After the lacing, the tightening begins – a rigid, step-by-step process that includes truing laterally, dishing (making sure the hub is in line with the rim) and truing radially (ensuring the rim is round). It’s a job that takes a bit of patience, but the results are pretty satisfying. I’d love to try it on a really good wheelset one day.
We used just about every single tool on that bench above and worked on ever conceivable part of the bike including, threadless and threaded headsets, all sorts of bottom brackets, the complete drivetrain and yes, handlebar tape. If there is one critique I would make it would be the shear concentration of content involved in the course, i.e. we never revisited something we had already done. Having said that, I understand why, since the course is billed as a pro mechanics course and time is limited.
Well, I guess I can’t say ‘never revisiting’, since we certainly had to for the last day’s exam – a diabolical multiple choice test (some questions had 7 choices!) and what you see below. We all had to take a bike out of the box and have it showroom ready within two hours. Here is Jay Filer, the owner/instructor of Winterborne, trying to find ways to deduct points from Glenn.
Luckily we had partners for the assembly because Dalton, the guy who assembled the Trek below with me, had worked at a bike shop and it was all pretty old hand for him. Still, there were tense moments along the way, e.g. setting some pesky front brakes, and we finished just under the 2-hour mark.
I suppose I knew this before going in, but I really realize it now – you don’t become a mechanic by taking a mechanics course. I feel much more at ease taking things apart on my bike now (yes, I’ve already tried it..) and I know a heck of a lot more about the inner workings of this wonderful machine, but really, show me a ‘clunk’ that sounds like it’s coming from ‘down there by the pedals’ and I’ll be scratching my head nearly as much as before. What I need is practice. Fortunately I’ve got friends in the business who might allow me to use their workshops (Hi Doug!) once in a while, not to mention a few others who might even trust me with their own bikes (Hi John!) when they have troubles. I’ll get my hands dirty.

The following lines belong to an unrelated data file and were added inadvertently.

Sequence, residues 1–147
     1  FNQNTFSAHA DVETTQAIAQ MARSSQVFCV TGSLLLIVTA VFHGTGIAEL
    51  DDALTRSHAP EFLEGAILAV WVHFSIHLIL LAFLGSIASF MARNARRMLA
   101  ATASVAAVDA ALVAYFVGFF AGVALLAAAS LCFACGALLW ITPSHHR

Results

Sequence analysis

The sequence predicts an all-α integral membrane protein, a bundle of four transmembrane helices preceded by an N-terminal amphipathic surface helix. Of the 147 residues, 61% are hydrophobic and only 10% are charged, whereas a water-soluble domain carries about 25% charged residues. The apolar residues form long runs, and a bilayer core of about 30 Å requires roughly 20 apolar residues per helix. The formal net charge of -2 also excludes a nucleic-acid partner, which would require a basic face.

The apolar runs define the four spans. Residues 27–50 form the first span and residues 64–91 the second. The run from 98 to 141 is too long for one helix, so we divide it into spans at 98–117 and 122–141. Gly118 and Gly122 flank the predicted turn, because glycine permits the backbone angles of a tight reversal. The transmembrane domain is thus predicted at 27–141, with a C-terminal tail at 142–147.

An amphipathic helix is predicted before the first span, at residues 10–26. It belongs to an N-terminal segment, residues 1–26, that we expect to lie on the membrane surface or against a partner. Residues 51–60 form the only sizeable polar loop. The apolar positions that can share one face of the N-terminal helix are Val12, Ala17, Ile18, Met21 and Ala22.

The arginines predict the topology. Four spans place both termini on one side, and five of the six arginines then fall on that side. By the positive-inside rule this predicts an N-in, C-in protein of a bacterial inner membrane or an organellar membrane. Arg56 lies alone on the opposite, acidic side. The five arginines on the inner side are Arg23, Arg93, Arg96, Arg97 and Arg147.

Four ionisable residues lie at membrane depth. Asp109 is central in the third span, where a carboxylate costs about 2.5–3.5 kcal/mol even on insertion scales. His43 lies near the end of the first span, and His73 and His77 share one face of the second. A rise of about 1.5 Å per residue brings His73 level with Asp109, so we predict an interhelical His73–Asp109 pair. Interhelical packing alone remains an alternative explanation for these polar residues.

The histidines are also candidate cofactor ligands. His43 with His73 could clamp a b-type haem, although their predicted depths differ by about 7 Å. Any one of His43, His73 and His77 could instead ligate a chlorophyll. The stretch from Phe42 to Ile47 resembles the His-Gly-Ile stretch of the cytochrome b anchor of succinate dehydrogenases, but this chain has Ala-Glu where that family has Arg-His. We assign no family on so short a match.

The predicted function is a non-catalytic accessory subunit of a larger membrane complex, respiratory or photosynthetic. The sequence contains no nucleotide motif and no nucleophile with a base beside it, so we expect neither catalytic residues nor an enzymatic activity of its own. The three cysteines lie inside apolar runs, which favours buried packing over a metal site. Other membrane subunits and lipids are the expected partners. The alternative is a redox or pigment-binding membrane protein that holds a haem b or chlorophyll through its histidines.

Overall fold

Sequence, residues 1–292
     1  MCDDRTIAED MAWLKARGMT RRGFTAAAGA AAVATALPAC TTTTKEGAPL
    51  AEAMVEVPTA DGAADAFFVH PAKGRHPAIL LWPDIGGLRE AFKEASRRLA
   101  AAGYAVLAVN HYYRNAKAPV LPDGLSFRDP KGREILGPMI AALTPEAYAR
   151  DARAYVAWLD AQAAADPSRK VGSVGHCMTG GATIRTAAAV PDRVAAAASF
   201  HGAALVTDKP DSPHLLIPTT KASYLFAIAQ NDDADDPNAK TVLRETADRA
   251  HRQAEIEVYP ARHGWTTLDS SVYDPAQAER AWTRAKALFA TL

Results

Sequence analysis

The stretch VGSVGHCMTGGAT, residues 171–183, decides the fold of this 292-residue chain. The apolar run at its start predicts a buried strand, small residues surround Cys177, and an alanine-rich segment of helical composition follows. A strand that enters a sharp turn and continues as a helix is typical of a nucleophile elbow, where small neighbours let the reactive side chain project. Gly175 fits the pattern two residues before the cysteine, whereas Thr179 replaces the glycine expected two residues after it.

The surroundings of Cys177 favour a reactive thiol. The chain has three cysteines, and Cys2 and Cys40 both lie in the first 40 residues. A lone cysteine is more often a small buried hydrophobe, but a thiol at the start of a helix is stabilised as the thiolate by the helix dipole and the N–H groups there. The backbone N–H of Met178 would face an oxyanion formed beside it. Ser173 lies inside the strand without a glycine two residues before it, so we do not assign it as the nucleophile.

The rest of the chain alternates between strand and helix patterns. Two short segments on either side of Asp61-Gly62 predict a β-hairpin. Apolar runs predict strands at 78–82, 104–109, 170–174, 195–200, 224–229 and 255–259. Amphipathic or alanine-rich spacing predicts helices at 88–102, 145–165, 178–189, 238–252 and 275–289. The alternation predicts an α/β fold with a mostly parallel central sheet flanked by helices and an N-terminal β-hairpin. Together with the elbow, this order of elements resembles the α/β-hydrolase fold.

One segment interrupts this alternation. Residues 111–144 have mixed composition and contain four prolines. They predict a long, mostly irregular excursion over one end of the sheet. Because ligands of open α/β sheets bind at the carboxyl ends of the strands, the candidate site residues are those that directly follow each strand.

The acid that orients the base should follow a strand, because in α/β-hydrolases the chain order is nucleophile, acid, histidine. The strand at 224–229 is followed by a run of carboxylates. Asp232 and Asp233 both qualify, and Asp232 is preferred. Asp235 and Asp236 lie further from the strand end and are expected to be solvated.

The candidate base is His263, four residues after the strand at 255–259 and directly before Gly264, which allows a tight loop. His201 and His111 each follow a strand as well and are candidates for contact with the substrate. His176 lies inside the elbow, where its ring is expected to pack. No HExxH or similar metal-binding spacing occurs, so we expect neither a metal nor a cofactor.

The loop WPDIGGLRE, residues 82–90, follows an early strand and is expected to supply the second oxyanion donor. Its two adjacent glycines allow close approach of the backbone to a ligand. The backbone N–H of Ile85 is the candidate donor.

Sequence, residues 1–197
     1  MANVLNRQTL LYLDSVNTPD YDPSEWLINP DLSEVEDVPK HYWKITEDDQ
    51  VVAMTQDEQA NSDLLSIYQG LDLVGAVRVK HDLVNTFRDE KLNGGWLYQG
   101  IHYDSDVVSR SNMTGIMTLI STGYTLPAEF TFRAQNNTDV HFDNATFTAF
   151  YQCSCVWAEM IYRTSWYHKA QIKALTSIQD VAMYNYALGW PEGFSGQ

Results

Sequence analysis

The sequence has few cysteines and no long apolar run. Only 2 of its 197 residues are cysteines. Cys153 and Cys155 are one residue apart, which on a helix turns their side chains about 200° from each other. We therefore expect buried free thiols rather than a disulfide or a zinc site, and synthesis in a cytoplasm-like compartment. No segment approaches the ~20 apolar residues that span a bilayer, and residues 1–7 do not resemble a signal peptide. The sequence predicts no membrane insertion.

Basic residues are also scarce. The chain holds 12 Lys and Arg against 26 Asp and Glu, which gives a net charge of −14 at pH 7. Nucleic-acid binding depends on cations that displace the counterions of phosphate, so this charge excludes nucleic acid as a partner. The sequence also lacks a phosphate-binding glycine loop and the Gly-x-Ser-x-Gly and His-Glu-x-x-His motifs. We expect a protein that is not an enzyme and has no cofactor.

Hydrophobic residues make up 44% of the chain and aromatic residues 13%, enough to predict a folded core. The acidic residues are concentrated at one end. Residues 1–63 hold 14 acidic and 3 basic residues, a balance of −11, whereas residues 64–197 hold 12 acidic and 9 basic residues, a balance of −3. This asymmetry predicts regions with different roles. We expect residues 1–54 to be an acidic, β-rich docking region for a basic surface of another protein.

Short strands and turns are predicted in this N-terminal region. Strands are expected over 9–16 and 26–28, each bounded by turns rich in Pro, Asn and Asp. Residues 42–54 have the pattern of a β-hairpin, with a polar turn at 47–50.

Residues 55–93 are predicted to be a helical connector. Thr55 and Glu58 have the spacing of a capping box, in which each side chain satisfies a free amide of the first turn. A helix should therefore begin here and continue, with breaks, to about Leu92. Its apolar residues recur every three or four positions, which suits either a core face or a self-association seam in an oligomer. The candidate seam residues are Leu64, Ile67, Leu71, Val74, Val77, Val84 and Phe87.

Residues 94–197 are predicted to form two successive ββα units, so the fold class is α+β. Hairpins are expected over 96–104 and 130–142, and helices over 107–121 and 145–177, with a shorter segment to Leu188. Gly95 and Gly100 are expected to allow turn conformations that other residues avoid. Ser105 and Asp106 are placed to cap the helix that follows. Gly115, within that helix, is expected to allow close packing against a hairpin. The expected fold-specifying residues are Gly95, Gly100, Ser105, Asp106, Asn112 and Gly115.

I don’t want this to turn into a review of the course, but I can say, if anyone is interested, that Jay is a good teacher who really knows his stuff (he even knows all the ParkTool codes for their tools, which is bordering on ‘geek’) and doesn’t make any assumptions about previous knowledge when explaining things. If he’s your teacher, you’ll be taken care of well. The course is nearly $1700, which sounds like a lot, but is in the same ballpark as other courses of its kind. There are others on offer, which are shorter and more focused (like the wheel building course). If you’d like to stay at home and learn for free, Jay has a few YouTube videos, which give a good idea of his attention to detail (‘Replacing a Bike Chain’ is broken up into two videos and is nearly 25 minutes long!).
Now, if you’ll excuse me, I bought a wrench in Canada and must find something to torque.